It is great to think inside the box, but have you ever noticed that a cat doesn't limit itself to what is possible? When it comes to fitting inside boxes and containers, the laws of Physics don't apply on cats. Cats are literally liquid. They can fit themselves in boxes much much smaller than their sizes. The key to this is their flexibility & prioritization. First, they learn the size of the container and then prioritize which body parts should go inside first. Their flexible bodies allow them to sit inside literally anything.
So, we need to first understand the box and then, we can push boundaries and be flexible to do the next big thing. Don't let yourself be entirely defined by the limits and constraints.
5. Don’t be afraid to fail
Have you ever seen a cat guided by the fear of failure or judgement? I doubt not. They aren't discouraged by the risk of looking dumb. The internet is literally filled with videos of cats making fools of themselves and failing miserably. To outside world, they may look like careless idiots who do all sorts of dumb things. But only if you pay close attention, you would realize they have a very specific strategy. Prototype and iterate. Cats generally have a very experimental nature. They keep iterating until they reach the optimal solution. And they are never afraid of trying new things.
As designers, we should be more like cats and should not be driven by the fear of failure. You have a very bold solution to some problem? Go build a prototype and test it with your users. Even if you fail, you will learn something valuable.
6. Simple is better
As a cat owner, you may have had an experience where you bought them a very special and lavish bed and they are drawn towards it, as it is something new. However, after a while, you may find that your cat is sleeping in an empty card-board box instead of the new lavish bed. In the cats' world, expensive doesn't mean better.
Follow the same approach in your design. Keep your design as simple and minimal as possible.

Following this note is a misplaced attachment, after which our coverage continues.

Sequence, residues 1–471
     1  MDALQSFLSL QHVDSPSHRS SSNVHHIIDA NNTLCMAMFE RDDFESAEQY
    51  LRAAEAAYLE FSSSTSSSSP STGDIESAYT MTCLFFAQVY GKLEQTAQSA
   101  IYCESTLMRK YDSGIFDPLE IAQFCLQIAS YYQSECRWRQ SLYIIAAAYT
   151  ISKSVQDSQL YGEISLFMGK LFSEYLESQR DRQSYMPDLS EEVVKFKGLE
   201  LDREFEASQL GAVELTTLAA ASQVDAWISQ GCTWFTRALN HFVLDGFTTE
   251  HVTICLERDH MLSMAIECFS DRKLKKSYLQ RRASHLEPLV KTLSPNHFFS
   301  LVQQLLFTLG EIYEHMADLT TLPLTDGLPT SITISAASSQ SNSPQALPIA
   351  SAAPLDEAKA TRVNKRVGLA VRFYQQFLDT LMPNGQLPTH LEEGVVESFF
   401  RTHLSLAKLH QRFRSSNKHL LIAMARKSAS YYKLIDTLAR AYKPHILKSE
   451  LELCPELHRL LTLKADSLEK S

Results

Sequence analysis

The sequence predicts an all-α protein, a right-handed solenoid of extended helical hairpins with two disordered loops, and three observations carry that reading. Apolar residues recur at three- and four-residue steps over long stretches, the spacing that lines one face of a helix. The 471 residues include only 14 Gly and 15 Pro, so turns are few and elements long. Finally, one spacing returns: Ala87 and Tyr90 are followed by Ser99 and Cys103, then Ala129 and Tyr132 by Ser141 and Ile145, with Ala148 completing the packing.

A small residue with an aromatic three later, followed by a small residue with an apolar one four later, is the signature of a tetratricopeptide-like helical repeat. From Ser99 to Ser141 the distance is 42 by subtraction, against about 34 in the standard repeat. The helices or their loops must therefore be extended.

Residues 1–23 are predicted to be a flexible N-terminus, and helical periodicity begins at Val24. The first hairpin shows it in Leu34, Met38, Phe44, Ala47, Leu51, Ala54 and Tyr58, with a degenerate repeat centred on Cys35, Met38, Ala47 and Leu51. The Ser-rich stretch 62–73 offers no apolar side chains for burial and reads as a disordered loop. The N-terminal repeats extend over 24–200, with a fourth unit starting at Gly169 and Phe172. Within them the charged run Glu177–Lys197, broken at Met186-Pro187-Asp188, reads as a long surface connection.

Perfection in design is achieved not when there is noting left to add, but when there is nothing left to remove.
7. Focus and always pay attention
A cat never loses attention. No matter what they are doing, they are always attentive and focused on the task. When they are focused on something important like stalking a bird or a rat, they don't care what's happening around them. They keep laser sharp focus on that particular task. But at the same time, they are also attentive of their surroundings.
Our world is filled with distractions that can make us lose focus of what's important. So, being focused but attentive of your surroundings is the key.
8. It's okay to ignore sometimes
In a world full of distractions, attention is a very precious commodity. We are always distracted by one thing or the other. There is so much that we can learn from cats in this regard. Although cats are very attentive and focused on their surroundings, they only pay attention to a limited number of things, ignoring the rest. That may mean completely ignoring you when you are calling their name. They may twitch their tail slightly as a response to you, but if they aren't in the mood, they'll completely ignore you. So, what's the takeaway? It's okay to ignore sometimes. That email can wait. It's okay to say no to certain things so you can focus more on the others.
9. People love positive feedback
Cats know that most people are not experts at pleasing them. Therefore, they give us their feedback. By purring, affectionate rubs, or just by meowing. All this feedback helps us do more of what they like. They are like four legged psychologists. Similarly, we can give positive feedback to our users or coworkers, encouraging the behavior we want with positive reinforcements. Try to respond more positively whenever some user is having a problem or your coworker has done something wrong. The positive feedback mechanism helps us establish a better understanding and communication.